Mpumalanga means 'area of the rising sun'. The Kruger National Park and many private game reserves are situated in the Mpumalanga province. The Transvaal Drakensberg runs from north to south through Mpumalanga and forms part of the great escarpment. The terrain of Mpumalanga varies. On the western side of the escarpment, you will find the Highveld, with its grasslands and on the eastern side the Lowveld, with its subtropical savanna plains. Tourism is an important part of the economy of the Mpumalanga province. Coal mining, petroleum manufacturing, steel factories and forestry also contribute to the BNP. The population of 3.3 million speaks SiSwati, IsiZulu, IsiNdebele and English. The capital city is Nelspruit. Other urban centers include Middelburg, Witbank, Bethal, Barberton, Ermelo, Piet Retief, Secunda and Standerton. You will find that summers can be very hot in Mpumalanga, especially in the Lowveld. Winter temperatures are moderate to high. On the Highveld, the winter nights can be quite cold, with frost. The annual rainfall of Nelspruit is 767mm and often occurs in the form of thunderstorms.
The Northern Cape province lies east of the Atlantic Ocean. Its capital, Kimberley, is located more than 900km from the shoreline. Its surface area makes the Northern Cape province one of South Africa's largest provinces, but it carries the smallest population. The Orange River is the only prominent geomorphologic phenomenon - the landscape otherwise is very flat and, because of the low rainfall, the vegetation is very sparse. The largest part of the Northern Cape province falls within the Nama-Karoo biome - low shrubland and grass. The Augrabies Falls National Park was established to preserve the impressive waterfall and ravine of 18km. One can see large salt pans on the west central plains when one travels the Northern Cape province. The Orange River supplies much-needed water and irrigation schemes alongside the river produce cotton, maize, peanuts, lucerne, dates and grapes. The dry coastal plain, known as Namaqualand, turns into a wonderland of wild flowers each spring, which is a worthwhile reason to travel to the Northern Cape province.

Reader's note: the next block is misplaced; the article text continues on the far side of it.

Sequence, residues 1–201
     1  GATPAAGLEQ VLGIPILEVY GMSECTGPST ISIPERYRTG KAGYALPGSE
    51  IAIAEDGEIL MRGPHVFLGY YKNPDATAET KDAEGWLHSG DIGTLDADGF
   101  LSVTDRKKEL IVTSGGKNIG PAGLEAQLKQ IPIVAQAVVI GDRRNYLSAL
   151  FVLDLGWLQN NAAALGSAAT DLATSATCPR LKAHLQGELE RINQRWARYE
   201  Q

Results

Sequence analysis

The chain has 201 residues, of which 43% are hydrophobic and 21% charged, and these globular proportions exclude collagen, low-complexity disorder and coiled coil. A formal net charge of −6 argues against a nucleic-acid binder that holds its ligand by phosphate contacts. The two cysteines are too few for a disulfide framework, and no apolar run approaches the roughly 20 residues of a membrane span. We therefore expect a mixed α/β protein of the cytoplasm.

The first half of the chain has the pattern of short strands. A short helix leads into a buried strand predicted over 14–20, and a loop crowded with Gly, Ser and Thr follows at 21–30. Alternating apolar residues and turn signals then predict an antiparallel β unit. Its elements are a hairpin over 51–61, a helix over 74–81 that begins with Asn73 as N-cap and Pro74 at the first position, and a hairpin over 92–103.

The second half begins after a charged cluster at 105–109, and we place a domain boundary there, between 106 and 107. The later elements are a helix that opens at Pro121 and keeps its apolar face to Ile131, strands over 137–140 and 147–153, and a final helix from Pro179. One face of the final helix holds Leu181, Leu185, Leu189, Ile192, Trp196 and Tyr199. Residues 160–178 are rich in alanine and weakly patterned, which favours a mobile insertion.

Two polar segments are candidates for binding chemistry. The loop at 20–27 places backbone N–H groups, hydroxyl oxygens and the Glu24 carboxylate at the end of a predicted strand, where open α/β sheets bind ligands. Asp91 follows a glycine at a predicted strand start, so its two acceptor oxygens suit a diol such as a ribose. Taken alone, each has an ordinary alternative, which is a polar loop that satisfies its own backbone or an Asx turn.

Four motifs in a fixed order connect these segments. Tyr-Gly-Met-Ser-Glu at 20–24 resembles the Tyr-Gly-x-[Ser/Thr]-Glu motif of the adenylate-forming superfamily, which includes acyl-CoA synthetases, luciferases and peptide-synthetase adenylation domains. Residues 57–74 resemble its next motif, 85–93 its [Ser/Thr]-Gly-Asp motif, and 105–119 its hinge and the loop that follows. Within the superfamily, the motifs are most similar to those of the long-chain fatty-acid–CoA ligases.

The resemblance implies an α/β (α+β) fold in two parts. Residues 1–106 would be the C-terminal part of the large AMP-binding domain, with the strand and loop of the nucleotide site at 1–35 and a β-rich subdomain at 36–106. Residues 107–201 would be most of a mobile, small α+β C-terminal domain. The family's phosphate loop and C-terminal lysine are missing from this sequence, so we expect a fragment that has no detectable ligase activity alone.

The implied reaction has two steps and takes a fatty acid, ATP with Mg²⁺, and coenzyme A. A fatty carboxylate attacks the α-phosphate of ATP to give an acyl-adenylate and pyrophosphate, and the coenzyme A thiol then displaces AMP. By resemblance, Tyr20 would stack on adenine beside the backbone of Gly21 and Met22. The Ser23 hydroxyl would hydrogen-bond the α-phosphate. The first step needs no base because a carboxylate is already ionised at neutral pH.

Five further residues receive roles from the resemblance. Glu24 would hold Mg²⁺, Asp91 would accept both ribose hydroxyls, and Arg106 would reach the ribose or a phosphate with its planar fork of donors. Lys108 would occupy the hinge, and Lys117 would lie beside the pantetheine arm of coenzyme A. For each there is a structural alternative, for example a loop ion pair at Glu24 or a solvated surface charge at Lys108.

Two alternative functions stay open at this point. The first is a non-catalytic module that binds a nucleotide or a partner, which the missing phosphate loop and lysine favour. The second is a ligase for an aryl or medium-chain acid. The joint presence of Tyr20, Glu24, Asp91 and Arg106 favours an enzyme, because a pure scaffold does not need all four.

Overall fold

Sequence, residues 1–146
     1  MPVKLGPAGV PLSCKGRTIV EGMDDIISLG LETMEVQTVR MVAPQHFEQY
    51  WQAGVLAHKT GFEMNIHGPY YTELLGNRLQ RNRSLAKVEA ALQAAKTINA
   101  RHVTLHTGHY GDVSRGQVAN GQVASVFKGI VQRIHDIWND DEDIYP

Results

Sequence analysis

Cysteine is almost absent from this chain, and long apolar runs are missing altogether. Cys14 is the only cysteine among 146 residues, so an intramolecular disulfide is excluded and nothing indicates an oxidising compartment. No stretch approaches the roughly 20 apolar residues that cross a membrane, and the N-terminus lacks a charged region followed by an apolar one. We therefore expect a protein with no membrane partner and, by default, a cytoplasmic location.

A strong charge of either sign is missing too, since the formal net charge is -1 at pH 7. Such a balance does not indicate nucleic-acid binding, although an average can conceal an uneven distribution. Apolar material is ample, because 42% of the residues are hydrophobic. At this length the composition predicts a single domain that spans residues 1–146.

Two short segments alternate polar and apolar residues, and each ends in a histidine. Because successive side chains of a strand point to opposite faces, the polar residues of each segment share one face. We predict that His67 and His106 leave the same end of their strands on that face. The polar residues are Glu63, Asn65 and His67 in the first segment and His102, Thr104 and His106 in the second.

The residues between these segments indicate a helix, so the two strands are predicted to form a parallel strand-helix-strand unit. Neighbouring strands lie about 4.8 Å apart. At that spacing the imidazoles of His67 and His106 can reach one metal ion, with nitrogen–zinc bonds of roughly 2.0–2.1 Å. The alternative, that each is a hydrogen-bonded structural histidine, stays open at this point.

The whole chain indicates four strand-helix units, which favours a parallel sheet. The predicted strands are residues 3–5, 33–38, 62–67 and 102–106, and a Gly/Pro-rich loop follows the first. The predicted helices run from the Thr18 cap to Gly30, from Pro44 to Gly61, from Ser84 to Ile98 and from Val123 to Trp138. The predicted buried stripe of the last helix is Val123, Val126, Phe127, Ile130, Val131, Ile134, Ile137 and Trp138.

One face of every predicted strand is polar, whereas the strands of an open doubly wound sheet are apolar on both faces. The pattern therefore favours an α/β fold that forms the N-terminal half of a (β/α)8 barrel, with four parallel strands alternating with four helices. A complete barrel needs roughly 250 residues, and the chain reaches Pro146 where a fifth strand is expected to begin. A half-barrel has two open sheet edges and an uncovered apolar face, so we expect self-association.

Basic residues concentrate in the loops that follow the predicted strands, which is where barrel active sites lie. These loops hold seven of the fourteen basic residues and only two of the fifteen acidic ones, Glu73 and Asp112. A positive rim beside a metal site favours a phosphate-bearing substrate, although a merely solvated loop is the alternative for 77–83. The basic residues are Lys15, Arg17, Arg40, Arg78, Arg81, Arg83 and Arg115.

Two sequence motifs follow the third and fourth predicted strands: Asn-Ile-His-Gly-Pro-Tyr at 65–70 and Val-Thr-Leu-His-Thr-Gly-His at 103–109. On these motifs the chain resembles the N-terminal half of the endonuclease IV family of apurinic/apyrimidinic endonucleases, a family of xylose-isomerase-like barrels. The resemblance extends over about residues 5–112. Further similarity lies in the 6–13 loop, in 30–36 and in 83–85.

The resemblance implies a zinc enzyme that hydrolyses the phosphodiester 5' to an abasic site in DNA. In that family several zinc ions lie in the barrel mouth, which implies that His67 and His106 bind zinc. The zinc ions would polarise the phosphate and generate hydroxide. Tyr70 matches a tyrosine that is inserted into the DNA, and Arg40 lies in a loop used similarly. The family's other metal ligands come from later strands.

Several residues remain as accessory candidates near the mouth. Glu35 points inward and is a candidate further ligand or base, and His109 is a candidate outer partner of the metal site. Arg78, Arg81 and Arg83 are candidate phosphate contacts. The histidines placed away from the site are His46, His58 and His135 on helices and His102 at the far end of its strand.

The North West province lies on the border of Botswana in the north and Witwatersrand in Gauteng in the east. When traveling through the North West province, you will find grasslands and savanna vegetation which are ideal for cattle farming. Maize, peanuts, sunflowers and wheat are produced by crop farmers. Tobacco, cotton, subtropical fruit, oranges, peaches, vegetables and flowers are also produced in North West. The platinum mines of the Rustenburg region are the largest producers of platinum in the world. Gold, diamonds, marble and fluorspar are also mined in North West. Most industries are mining-related. The North West province falls within the summer rainfall region of South Africa. The rainfall decreases from east to west. Mafikeng's annual rainfall is 539mm per year. The rainfall occurs often in the form of late afternoon thundershowers. The summers are warm to very hot, while the winter days are sunny and temperate and the winter nights are cool to cold. Visit the Sun City entertainment resort, one of the country's most popular tourist destinations.